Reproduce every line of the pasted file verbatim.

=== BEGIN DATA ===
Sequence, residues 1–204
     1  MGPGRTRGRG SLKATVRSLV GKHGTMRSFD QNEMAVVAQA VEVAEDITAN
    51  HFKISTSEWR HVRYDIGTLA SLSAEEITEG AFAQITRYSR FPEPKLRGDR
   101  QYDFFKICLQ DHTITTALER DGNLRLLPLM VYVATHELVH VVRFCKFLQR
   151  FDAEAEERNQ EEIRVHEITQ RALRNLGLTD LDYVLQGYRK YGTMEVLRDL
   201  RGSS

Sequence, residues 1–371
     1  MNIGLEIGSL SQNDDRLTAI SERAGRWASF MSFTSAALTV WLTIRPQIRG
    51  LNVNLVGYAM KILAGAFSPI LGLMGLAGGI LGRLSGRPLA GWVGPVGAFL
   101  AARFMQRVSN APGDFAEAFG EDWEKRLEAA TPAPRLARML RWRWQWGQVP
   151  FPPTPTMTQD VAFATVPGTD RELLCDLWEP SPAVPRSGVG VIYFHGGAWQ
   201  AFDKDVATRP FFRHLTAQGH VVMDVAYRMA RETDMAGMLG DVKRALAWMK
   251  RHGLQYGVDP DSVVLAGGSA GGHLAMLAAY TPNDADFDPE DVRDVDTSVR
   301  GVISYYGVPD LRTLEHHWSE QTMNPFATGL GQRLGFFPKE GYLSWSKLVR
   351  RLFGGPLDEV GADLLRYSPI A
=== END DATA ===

Sequence, residues 1–204
     1  MGPGRTRGRG SLKATVRSLV GKHGTMRSFD QNEMAVVAQA VEVAEDITAN
    51  HFKISTSEWR HVRYDIGTLA SLSAEEITEG AFAQITRYSR FPEPKLRGDR
   101  QYDFFKICLQ DHTITTALER DGNLRLLPLM VYVATHELVH VVRFCKFLQR
   151  FDAEAEERNQ EEIRVHEITQ RALRNLGLTD LDYVLQGYRK YGTMEVLRDL
   201  RGSS

Sequence, residues 1–371
     1  MNIGLEIGSL SQNDDRLTAI SERAGRWASF MSFTSAALTV WLTIRPQIRG
    51  LNVNLVGYAM KILAGAFSPI LGLMGLAGGI LGRLSGRPLA GWVGPVGAFL
   101  AARFMQRVSN APGDFAEAFG EDWEKRLEAA TPAPRLARML RWRWQWGQVP
   151  FPPTPTMTQD VAFATVPGTD RELLCDLWEP SPAVPRSGVG VIYFHGGAWQ
   201  AFDKDVATRP FFRHLTAQGH VVMDVAYRMA RETDMAGMLG DVKRALAWMK
   251  RHGLQYGVDP DSVVLAGGSA GGHLAMLAAY TPNDADFDPE DVRDVDTSVR
   301  GVISYYGVPD LRTLEHHWSE QTMNPFATGL GQRLGFFPKE GYLSWSKLVR
   351  RLFGGPLDEV GADLLRYSPI A